CNN's Bianca Nobilo joins me now.

Bianca, did the prime minister give any sense of when things might start to reopen in the U.K.?

BIANCA NOBILO, CNN CORRESPONDENT: Jake, the prime minister's primary message was that he was back, 9:00 a.m., on a Monday on the steps of Downing Street. He's back at the helm of government.

He was less specific on exactly what the country is going to do next. An end to the lockdown is certainly not imminent, but there is an end in sight. The way that Boris Johnson, in his typical evocative style described it, was as if the coronavirus was an invisible mugger and Britain had wrestled it to the floor.

It was, he said, the moment of maximum risk, but also maximum opportunity to finally get the advantage over the virus. So, whatever happens is going to be a phased return to normal life.

Now, there's definitely a sense of relief in the country and definitely within the prime minister's party and having him back. His natural optimism and his keep calm, carry on attitude is good for them. But it's definitely going to be difficult for Boris, now that he's back, and that's because the prime minister is facing really tough questions, Jake.

Why was he not present at key meetings with his top advisers, the so- called Cobra meetings, in the lead-up, that critical period before the peak of the pandemic? And why is Britain on track to have one of the worst death tolls, not just in Europe, but in the world, Jake?

TAPPER: All right, Bianca Nobilo, thank you so much. Stay safe.

New Zealand is now claiming that they have eliminated coronavirus. The director of general health in that country announcing that the government is easing restrictions from level four to level three.

New Zealand's prime minister has been widely praised for her quick and aggressive response to COVID-19. New Zealand has reported fewer than 1,500 cases and only 19 deaths.

CNN's Ivan Watson joins me now from Hong Kong.

Ivan, so the government of New Zealand is saying they have essentially eliminated the virus, but they're still keeping lockdown restrictions?


I mean, they have had this strict lockdown for four weeks. And it's been relatively successful, as you pointed out, only 19 deaths for a country with a relatively small population, but still something to be proud about.

But the prime minister is saying there is no time to celebrate right now. They are easing down the lockdown from alert level four, which was aimed at eliminating the disease from New Zealand's shores, to alert level three, which is now aimed at restricting it. And that goes into effect as of midnight Monday night in New Zealand.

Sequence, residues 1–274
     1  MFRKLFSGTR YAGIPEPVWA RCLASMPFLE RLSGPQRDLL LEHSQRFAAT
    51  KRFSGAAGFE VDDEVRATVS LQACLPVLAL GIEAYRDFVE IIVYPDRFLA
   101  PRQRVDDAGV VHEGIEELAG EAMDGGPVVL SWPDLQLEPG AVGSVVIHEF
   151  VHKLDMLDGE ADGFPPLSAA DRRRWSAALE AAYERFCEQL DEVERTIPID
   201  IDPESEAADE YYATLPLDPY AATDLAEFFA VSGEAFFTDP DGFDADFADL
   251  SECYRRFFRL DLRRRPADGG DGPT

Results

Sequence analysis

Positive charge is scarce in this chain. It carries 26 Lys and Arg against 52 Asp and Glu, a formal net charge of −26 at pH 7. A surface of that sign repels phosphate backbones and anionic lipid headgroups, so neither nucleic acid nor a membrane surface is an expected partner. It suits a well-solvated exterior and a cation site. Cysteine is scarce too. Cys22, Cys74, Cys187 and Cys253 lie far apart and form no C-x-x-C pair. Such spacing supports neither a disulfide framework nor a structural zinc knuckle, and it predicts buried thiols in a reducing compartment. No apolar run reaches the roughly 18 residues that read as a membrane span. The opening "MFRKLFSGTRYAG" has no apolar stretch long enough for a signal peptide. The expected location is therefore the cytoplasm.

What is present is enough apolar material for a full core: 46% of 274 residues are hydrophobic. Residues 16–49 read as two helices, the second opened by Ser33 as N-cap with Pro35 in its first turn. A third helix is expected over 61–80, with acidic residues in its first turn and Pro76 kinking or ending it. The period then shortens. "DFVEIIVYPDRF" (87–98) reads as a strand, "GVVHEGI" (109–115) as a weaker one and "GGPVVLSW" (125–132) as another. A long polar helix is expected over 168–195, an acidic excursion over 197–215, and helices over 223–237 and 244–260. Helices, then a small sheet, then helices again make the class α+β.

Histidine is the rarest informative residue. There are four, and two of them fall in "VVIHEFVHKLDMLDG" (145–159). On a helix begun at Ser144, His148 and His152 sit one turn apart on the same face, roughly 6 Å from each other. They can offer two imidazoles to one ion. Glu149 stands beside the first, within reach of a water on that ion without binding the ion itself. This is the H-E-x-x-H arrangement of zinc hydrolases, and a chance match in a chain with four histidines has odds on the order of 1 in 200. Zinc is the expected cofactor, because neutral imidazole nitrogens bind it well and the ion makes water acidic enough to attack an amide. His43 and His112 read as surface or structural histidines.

What does that mean? Well, they're going to start opening up the economy, but they have announced that social life must stay shut down. They're anticipating about 400,000 Kiwis will go back to work. They're saying those who can should still work from home. And people who have stores and shops, they have to engage in what they call contact-free retail.

So, shoppers can't actually go into stores. They have to pick up at the curb. Children up to the age of 10 can go back to school. Older than that still have to study from home. And you can now have gatherings of up to 10 people, but for weddings and funerals only. They're trying to still restrict a lot of domestic travel.

International travel to and from New Zealand is still shut. And this is quite popular so far. A recent poll shows 87 percent support from those surveyed for these tough measures that the government has taken.

One of the big challenges is going to be, when can they open up to international travel? New Zealand depends heavily, its economy, on foreign tourism -- Jake.

TAPPER: Ivan Watson, thanks so much.

We want to take a moment now to reflect on the sad fact that thousands of Americans have died of coronavirus and are doing so every day. And now that number in the United States is more than 55,000.

These are your neighbors, your colleagues, and, in many circumstances, your family and friends.

Today, we remember just one of those lost.


NANCY A. ROSS, SISTER OF CORONAVIRUS VICTIM: When they took my sister off the vent, my nephew and I were able to be in the room with her. Her eyes opened just a little bit.